Dear Reader, October 2020
This month’s avalanche of brilliant new releases provokes mixed feelings for the bookseller in lockdown. There are so many fabulous books entering the world, but we do so miss introducing them to you through conversations in real life, in the lively bustle of our shops. We can’t wait to welcome you back to our shops – and when we can, you’ll see the huge piles of The Living Sea of Waking Dreams by Richard Flanagan, our Fiction Book of the Month, which Mark calls Flanagan’s most audacious and accomplished work to date (don’t forget to enter our competition to win a very special first edition of the book annotated by Richard himself). You’ll also find Himalayan stacks of Trent Daltons, Craig Silveys, and Gail Joneses. In amongst these books by authors whose names you know well, don’t overlook debut novels from Nardi Simpson, Tobias McCorkell, Claire Christian, and Daniel Davis Wood.
International releases are just as exciting. The more I think about Earthlings, Sayaka Murata’s completely bonkers follow-up to her hit English language debut, Convenience Store Woman, the more I adore it. (NB: it is actually quite hard to stop thinking about it.) I can’t wait to revisit Marilynne Robinson’s Gilead, in the final of four novels set in that town, Jack. We also recommend new work from William Boyd, Akwaeke Emezi, Clarissa Goenawan, and Jess Walter. Martin Amis does autofiction in Inside Story, which means characters will include Christopher Hitchens, Saul Bellow, Iris Murdoch, and Elizabeth Jane Howard. The many readers of Dolly Alderton’s memoir, Everything I Know About Love, will be looking forward to her fiction debut, Ghosts. So many people discovered Before the Coffee Gets Cold by Toshikazu Kawaguchi last year, and will be eager to meet four new customers of its unusual café. Plus, there are new books from Nick Hornby, Hari Kunzru, Nir Baram, Cory Doctorow, and Naomi Novik, as well as a paperback edition of last year’s hit doorstop, The Eighth Life: for Brilka by Nino Haratischvili.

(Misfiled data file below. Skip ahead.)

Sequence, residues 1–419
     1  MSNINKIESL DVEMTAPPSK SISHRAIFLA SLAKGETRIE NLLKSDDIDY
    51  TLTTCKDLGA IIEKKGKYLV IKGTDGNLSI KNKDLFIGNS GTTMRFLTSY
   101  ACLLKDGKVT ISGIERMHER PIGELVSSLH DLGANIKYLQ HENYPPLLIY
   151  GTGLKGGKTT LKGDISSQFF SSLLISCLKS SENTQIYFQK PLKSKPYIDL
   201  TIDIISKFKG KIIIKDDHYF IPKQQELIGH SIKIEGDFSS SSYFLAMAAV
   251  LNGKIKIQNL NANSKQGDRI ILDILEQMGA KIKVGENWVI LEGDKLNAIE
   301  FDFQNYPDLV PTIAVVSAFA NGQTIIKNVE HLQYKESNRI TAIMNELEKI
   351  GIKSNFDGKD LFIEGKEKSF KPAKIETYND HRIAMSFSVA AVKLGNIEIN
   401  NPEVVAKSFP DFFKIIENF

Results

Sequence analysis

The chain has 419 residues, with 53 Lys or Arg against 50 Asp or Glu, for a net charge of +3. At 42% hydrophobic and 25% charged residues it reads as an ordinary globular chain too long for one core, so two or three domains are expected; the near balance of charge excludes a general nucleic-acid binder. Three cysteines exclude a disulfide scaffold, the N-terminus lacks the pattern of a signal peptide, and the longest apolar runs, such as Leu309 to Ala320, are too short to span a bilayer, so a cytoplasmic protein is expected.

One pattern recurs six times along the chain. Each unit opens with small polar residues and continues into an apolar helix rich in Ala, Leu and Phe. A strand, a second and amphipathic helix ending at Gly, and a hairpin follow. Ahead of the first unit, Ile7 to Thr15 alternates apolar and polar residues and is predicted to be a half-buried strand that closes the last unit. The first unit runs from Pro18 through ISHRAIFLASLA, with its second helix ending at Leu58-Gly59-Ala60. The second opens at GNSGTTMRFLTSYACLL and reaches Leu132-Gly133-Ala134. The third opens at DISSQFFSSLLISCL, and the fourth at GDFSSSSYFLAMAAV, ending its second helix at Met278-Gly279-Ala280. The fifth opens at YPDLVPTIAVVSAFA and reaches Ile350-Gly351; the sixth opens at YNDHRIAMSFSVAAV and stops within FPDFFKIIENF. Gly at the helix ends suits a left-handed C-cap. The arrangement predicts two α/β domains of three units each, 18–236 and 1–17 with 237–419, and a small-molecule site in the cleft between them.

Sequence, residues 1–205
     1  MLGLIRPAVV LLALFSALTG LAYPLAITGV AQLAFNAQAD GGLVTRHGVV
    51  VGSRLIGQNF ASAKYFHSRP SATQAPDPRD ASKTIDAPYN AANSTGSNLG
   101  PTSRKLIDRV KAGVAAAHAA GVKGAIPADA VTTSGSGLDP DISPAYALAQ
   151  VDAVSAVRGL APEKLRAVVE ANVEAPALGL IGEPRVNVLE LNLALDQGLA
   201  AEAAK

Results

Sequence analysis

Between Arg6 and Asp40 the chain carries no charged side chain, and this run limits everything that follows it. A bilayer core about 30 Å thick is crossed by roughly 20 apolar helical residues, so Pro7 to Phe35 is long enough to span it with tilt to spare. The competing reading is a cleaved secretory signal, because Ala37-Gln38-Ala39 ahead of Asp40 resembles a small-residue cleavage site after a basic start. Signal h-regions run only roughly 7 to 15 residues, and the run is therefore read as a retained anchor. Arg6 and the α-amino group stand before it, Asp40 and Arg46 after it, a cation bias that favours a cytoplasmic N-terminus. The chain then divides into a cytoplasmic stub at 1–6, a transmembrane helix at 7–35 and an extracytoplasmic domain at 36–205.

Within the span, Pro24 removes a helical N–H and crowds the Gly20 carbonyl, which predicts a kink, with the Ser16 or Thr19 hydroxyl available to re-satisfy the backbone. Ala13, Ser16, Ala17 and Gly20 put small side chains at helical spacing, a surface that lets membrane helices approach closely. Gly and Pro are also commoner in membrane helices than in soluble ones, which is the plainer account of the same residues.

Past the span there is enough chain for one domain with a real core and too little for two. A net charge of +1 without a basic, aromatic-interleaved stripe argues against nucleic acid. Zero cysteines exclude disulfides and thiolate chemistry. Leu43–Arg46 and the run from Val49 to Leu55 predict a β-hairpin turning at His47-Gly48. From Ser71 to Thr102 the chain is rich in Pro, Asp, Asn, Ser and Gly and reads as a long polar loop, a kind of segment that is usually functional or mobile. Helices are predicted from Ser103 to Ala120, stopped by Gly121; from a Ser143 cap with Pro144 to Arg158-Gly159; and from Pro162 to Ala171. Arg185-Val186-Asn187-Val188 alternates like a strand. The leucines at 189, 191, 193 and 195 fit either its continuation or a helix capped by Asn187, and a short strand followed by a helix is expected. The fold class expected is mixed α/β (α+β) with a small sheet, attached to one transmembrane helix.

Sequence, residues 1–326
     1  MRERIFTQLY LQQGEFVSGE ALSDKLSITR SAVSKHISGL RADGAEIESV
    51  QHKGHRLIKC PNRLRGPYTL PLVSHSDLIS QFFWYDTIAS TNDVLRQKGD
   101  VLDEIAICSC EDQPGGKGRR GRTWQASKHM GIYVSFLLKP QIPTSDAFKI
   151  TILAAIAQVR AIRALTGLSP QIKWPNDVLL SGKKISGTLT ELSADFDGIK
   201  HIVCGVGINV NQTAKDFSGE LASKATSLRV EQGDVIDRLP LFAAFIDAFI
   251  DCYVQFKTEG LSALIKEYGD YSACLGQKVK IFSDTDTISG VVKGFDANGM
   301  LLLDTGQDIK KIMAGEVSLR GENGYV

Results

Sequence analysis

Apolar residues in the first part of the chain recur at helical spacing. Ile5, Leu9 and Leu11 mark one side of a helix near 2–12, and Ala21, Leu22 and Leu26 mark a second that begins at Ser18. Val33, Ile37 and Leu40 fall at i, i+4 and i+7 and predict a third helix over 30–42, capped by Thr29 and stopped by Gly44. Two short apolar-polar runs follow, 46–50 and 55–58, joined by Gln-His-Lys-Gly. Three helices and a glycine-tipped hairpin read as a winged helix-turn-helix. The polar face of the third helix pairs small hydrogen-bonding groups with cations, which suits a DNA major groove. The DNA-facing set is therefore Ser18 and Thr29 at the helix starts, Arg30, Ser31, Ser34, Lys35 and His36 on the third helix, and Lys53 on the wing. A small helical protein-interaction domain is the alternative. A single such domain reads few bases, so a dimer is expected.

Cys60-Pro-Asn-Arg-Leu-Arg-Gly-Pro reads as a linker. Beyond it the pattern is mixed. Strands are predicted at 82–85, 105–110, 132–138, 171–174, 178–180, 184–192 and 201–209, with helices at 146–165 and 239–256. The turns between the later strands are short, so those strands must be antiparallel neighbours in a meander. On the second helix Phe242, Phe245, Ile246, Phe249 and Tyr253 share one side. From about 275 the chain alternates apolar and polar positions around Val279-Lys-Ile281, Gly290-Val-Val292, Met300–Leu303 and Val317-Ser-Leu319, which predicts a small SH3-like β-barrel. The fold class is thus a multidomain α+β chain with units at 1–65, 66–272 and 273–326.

Our Nonfiction Book of the Month is Unseen by broadcaster Jacinta Parsons, an intimate memoir that shares her long journey with Crohn’s disease, as well as speaking more broadly to the experience of living with chronic illness, which affects a staggering portion of the Australian population. Our staff also review the wonderful new books from Ramona Koval and Gabrielle Carey. Josephine Rowe has written a contribution to Black Inc.’s Writers on Writers series on Beverley Farmer. And check out some of the other folks who have books out this month: Jerry Seinfeld, Hilary Mantel, Alex Miller, Jimmy Barnes, David McAllister, Robert Dessaix, David Attenborough, Claire Messud, Bill Bailey, David Chang, Natalie Haynes, Robert Macfarlane, Kim Gordon, and Anne Applebaum, plus new cookbooks from Hetty McKinnon, Shannon Martinez, and Bill Granger. I absolutely love the nostalgia trip that is Warren Kirk’s Northside: A Time and Place, a book of photos documenting Melbourne’s northern suburbs, with an introduction written by Christos Tsiolkas.
And finally, dear reader, it is publisher Thames and Hudson Australia’s 50th birthday in 2020, which means it was established the year after Dot and Ross Reading set up the first Readings shop in Carlton: that makes Thames and Hudson Australia a local institution too! To mark the occasion, we have a selection of books at 25% off, including fine examples of their art and design, gardening, fashion, and children’s publishing. Find out more here.